In accordance with the current administration's policy to deny funding to non-governmental organizations that perform abortions, or that "actively promote abortion as a method of family planning in other nations, Popline has apparently blocked searches on the word "abortion," concealing nearly 25,000 search results.

I guess this means that providing access to information on or about abortions is in the family of "promotion." With this reasoning, they should probably also eliminate such search terms as terrorism, violence, and civil disobedience.

You can read the full article here.

* it looks as though Popline has restored the search term since the release of the article by Wired Magazine. I searched it myself using the search term "abortion" and came up with about 25,000 hits. Nevertheless, the reason employed in making the initial decision to "block access" should make any student of logic cringe...and vote.

Charles Manson Knows His Copyright

Creative Commons is a special license that allows anyone to download, share and mix other people's music as long as they give proper credit. Recently, Nine Inch Nails released their album under a Creative Commons license.

All these efforts, and more, are done to counter the effects of what Creative Commons considers to be a dominant and increasingly restrictive permission culture. In the words of Lawrence Lessig, founder of Creative Commons and former Chairman of the Board, it is "a culture in which creators get to create only with the permission of the powerful, or of creators from the past." Lessig maintains that modern culture is dominated by traditional content distributors in order to maintain and strengthen their monopolies on cultural products such as popular music and popular cinema, and that Creative Commons can provide alternatives to these restrictions.

Oddly enough, Charles Manson is up on his copyright. His recent album, "One Mind," is licensed in a way that allows anyone to share it with others, remix it and use it for non-commercial uses. The exact legal details are here.

Wednesday, April 2, 2008

The Liar Paradox in the Flesh

In Philosophical Psychopathology the psychiatrist and philosopher Bill Fulford describes a patient who was the living embodiment of the logical paradox "this statement is false" during a discussion on the difficulties in assuming delusions are false beliefs, as described in the standard definition.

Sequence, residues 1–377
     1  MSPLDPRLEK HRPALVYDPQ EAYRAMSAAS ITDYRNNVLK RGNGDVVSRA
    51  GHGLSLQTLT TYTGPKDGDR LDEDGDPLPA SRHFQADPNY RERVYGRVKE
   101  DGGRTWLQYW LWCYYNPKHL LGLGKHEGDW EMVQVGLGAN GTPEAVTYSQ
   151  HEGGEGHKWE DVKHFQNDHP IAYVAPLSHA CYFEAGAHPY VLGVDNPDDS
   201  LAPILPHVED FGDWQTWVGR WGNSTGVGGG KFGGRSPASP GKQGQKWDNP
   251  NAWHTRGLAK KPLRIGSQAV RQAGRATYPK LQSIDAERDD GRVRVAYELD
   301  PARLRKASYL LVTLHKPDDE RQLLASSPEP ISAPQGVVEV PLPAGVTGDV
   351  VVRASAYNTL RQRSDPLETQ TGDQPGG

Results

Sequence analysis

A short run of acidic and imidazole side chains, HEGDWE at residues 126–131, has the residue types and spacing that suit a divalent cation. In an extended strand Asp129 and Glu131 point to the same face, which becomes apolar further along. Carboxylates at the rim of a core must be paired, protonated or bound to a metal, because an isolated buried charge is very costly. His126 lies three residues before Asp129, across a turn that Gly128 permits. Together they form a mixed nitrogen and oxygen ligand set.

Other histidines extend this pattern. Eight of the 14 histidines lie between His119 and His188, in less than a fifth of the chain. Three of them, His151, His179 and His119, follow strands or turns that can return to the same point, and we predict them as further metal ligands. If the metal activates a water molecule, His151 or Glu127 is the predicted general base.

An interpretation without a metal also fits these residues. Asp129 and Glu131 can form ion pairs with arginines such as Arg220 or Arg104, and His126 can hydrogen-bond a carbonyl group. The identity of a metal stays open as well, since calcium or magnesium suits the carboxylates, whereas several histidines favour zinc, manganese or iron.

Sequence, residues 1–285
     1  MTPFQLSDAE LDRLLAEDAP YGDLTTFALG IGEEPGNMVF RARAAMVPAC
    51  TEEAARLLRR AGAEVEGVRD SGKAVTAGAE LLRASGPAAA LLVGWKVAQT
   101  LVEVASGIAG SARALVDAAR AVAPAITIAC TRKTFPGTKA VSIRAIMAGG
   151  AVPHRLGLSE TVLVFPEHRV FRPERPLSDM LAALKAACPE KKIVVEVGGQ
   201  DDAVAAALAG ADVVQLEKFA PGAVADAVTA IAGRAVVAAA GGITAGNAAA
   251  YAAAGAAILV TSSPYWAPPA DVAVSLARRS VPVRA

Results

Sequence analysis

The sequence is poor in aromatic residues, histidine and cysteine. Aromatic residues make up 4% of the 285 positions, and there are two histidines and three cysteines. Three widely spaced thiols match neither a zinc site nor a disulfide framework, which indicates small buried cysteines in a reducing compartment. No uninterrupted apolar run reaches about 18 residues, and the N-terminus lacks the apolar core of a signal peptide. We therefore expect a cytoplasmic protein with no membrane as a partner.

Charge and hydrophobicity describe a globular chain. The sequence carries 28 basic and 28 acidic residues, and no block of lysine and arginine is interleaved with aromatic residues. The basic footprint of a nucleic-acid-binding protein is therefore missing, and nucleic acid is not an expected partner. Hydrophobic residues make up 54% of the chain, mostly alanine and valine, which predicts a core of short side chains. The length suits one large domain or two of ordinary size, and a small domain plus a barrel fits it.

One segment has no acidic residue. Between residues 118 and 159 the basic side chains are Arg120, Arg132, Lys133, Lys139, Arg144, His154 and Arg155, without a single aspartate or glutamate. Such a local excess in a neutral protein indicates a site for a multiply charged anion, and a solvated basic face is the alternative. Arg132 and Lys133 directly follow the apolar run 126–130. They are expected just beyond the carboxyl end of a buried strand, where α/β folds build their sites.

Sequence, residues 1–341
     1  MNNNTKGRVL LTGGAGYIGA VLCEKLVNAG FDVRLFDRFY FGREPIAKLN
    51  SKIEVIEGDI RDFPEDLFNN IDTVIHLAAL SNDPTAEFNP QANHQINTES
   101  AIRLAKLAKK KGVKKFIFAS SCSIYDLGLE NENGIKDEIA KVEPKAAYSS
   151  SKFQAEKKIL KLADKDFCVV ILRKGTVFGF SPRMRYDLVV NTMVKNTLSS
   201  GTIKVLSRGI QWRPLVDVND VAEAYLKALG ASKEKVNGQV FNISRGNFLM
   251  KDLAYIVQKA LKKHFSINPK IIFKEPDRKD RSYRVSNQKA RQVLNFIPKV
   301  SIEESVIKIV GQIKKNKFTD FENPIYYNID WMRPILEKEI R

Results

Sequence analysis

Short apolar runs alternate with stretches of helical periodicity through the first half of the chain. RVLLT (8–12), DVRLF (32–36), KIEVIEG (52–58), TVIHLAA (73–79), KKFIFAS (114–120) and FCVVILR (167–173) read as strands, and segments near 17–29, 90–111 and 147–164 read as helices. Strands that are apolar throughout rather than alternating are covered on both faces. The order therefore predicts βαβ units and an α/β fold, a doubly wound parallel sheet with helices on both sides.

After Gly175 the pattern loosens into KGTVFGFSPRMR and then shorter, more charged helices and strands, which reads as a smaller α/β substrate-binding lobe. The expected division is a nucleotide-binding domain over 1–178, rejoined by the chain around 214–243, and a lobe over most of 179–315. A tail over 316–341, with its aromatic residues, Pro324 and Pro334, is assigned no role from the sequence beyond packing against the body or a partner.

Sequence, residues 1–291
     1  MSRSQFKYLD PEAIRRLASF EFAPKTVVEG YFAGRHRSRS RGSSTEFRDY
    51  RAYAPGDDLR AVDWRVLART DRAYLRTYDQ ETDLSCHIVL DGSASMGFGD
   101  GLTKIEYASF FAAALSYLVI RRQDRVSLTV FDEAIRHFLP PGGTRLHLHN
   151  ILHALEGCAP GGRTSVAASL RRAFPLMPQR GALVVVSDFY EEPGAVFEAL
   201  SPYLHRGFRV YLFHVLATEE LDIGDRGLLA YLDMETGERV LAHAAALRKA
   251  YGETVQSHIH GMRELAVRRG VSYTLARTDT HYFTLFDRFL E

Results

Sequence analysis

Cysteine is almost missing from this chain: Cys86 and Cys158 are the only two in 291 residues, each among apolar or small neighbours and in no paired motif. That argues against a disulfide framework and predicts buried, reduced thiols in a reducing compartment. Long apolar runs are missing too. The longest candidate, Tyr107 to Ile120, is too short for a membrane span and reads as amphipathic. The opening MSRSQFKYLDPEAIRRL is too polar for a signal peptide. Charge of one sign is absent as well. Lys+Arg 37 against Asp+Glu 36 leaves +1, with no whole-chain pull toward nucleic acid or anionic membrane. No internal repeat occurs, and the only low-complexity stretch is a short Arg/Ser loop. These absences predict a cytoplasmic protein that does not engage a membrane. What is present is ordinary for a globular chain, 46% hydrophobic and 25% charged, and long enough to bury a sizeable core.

"There is an even more fundamental sense in which delusions may not be false beliefs, namely that for some patients this would present us with a paradox.

I have reported one such case that occurred in Oxford... The patient, a 43-year-old man, was brought into the Accident and Emergency Department following an overdose. He had tried to kill himself because he was afraid he was going to be "locked up". However, this fear was secondary to a paranoid system at the heart of which was the hypochondriacal delusion that he was "mentally ill".

He was seen by the duty psychiatrist and by the consultant psychiatrist on call, neither of whom were in any doubt that he was deluded. Indeed, both were ready on the strength of their diagnosis to admit him as an involuntary patient.

Yet had their diagnosis depended on the falsity of the patient's belief, as in the standard definition, they would have been presented with a paradox: if the patient's belief that he was mentally ill was false, then (by the standard definition) he could have been deluded, but this would have made his belief true after all.

Equally, if his belief was true, then he was not deluded (by the standard definition), but this would have made his belief false after all. By the standard definition of delusion, then, his belief, if false, was true and, if true, was false." (p.211)

Tuesday, April 1, 2008

Some Conjectures About the Mechanism of Poltergeist [April Fools]

Two physicists are publishing what sounds like a bizarre scientific paper that they claim explains poltergeists. The researchers--Pierro Brovetto, formerly of the Institute Fisica Superiore, and his colleague Vera Maxia--hypothesize that female neuronal changes at puberty can cause quantum mechanical disturbances. The paper will be published in the science journal NeuroQuantology

"Brovetto and Maxia hypothesise that the changes in the brain that occur at puberty involve fluctuations in electron activity that, in rare cases, can create disturbances up to a few metres around the outside of the brain. These disturbances would be similar in character to the quantum mechanical fluctuations that physicists believe occur in the vacuum, in which "virtual" particle and antiparticle pairs pop up for a fleeting moment, before they annihilate each other and disappear again. The extra fluctuations triggered by the pubescent brain would substantially enhance the presence of the virtual particles surrounding the person. This could slowly increase the pressure of air around them, moving objects and even sending them hurtling across the room."